NCAA Closes Recruiting Loophole — Sort Of

Posted by jstevrtc on January 14th, 2010

According to this report from CBS Sports, earlier today the NCAA passed legislation regarding a subject they’ve been talking about tackling for years, specifically that of basketball programs hiring “anyone associated with a basketball recruit for a two-year period before or after the player enrolls at the school.”  Gone, therefore, are the days when a coach could entice a prized recruit to play at his program by also offering up a job as an assistant coach or administrative assistant (fill in whatever title you wish) to the recruit’s high school or AAU coach, or to a family member.

Don’t be fooled — this tactic is as much in practice today as it was in the past.  A piece by the inestimable Andy Katz published at ESPN.com back in September brought up the matter of Louisville’s Rick Pitino hiring an assistant coach from star recruit Marquis Teague’s high school team as an assistant at the U of L program, and that many people are questioning the timing.  At the beginning of the article he cites several examples of programs hiring associates/family members to help land recruits: during Bob Huggins’ one year at Kansas State, the program hired UNC-Charlotte assistant Dalonte Hill (Michael Beasley’s AAU coach); Beasley decided to get out of his initial commitment to Charlotte and head to K-State soon after.  Danny Manning’s father was on Kansas’ staff during the Danny and the Miracles title year, and Mario Chalmers’ father was a staff member on their championship team from two years ago.  John Calipari hired Milt Wagner to his staff right around the time that his son, prized prepster DaJuan Wagner, had signed with Memphis.  It’s true, in each of these situations, there were reasons to hire the associate/family member other than their relation to the star player, and many of them were in their positions before and after the player came or left.  The point is, though, that shady or not, this stuff happens.  We know why it happens.  And the NCAA has now attempted to do something about it.

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Backdoor Cuts: Vol. V

Posted by nvr1983 on December 30th, 2009

backdoorcuts(3)

Backdoor Cuts is a college basketball discussion between RTC correspondents Dave Zeitlin, Steve Moore and Mike Walsh. This week they each pick their favorite moment of the decade — and their answers may surprise you.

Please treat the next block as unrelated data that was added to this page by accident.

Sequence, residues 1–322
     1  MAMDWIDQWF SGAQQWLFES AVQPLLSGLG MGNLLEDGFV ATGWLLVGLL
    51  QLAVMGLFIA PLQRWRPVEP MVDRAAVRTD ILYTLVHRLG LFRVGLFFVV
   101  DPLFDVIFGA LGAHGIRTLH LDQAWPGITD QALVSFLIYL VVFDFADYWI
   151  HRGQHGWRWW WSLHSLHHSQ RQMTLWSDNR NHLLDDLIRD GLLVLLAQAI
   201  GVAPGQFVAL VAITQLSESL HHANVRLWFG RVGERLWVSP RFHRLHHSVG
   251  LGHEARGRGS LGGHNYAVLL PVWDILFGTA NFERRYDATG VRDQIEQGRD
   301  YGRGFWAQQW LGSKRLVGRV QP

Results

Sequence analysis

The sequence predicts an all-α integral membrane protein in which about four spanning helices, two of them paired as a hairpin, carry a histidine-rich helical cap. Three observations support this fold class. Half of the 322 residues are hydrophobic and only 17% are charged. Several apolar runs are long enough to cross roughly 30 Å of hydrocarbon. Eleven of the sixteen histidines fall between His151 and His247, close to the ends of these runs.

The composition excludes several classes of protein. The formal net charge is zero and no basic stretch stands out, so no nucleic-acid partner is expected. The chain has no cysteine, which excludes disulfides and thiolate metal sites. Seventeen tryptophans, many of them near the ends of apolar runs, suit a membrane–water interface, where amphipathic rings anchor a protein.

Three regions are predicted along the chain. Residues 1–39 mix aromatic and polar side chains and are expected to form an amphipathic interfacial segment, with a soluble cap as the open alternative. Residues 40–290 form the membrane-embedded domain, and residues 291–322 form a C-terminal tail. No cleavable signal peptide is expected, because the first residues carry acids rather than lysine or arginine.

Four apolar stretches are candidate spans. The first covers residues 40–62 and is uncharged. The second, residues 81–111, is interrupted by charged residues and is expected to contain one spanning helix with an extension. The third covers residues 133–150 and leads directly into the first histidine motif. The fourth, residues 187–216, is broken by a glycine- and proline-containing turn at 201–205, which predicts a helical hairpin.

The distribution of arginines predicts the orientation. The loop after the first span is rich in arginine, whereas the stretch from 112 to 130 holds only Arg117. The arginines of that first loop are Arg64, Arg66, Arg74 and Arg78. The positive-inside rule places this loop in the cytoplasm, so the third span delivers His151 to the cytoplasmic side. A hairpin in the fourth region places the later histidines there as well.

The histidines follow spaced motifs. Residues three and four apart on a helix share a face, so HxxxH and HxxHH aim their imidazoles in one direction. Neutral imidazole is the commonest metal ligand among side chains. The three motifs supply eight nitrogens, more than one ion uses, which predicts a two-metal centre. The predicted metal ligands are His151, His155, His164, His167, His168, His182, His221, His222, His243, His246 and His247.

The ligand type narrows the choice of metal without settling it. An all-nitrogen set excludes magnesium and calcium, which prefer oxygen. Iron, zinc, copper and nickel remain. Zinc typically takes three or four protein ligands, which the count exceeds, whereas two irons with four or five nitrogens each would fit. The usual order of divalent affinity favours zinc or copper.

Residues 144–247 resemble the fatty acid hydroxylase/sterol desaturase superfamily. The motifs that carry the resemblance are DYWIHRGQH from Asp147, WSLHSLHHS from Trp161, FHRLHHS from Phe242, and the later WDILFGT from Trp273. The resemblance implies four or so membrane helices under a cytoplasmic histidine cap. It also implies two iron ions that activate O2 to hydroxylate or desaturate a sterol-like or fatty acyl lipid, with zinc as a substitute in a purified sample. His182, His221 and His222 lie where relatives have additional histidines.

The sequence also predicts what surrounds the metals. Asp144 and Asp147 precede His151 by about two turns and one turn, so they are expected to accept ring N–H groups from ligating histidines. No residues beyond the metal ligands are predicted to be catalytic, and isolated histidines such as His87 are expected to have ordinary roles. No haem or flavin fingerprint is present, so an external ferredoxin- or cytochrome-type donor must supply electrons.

DAVE ZEITLIN: Guys, in life I only have two rules: 1) Don’t commit murder; and 2) When a decade is coming to an end, I need to categorize everything in “best of” formats. Seriously, I eat that stuff up like I’m Rick Majerus at a buffet table. I’ve already listed the top 10 Penn basketball moments of the decade for my new Penn sports blog (yes, that’s a plug — now click on the link before I consider breaking rule No. 1) and I’ve read countless more of these types of lists. Who knows why? I guess I’m just a sucker for moments — glorious, spine-tingling, remember-where-you-were-when-you-see-them moments that shed a little light on why I devote way too much of my pathetic life to sports.

College basketball, to be sure, had plenty of great moments this decade. For a good walk down memory lane, be sure to check out a nice recap from Seth Davis. From Syracuse’s national championship in 2003 (Hakim Warrick’s block!) to George Mason’s truly amazing run to Adam Morrison crying on the floor, there are so many moments I remember vividly.

But this is a column where we get stuff done. So our goal is to pick out the truly best moment of the decade. Of course, this can mean a lot of things. For me,it’s hard to pick just one from the NCAA tournament, which features a handful of memorable games and plays every year. So after further consideration, I’ve decided my favorite moment of the 2000s happened this year. It wasn’t a do-or-die game for either team and many people didn’t even watch the end. But Syracuse’s six-overtime win over UConn in last season’s Big East tournament was truly epic — and my No. 1 choice.

I won’t recap the game for you. That would take up too much space, and I don’t even think I remember much of it. Here’s what I do remember: placing a friendly wager with my sports editor about the game (I picked ‘Cuse!), leaving work after the first overtime, listening to one or two  overtimes in my car ride home, coming home and chatting with anyone who was online (was that you, Steve?) through the next couple of overtimes, and then pacing around my apartment and muttering like a crazy person during the final two overtimes. How many overtimes is that? I don’t even know. That game made me forget how to count.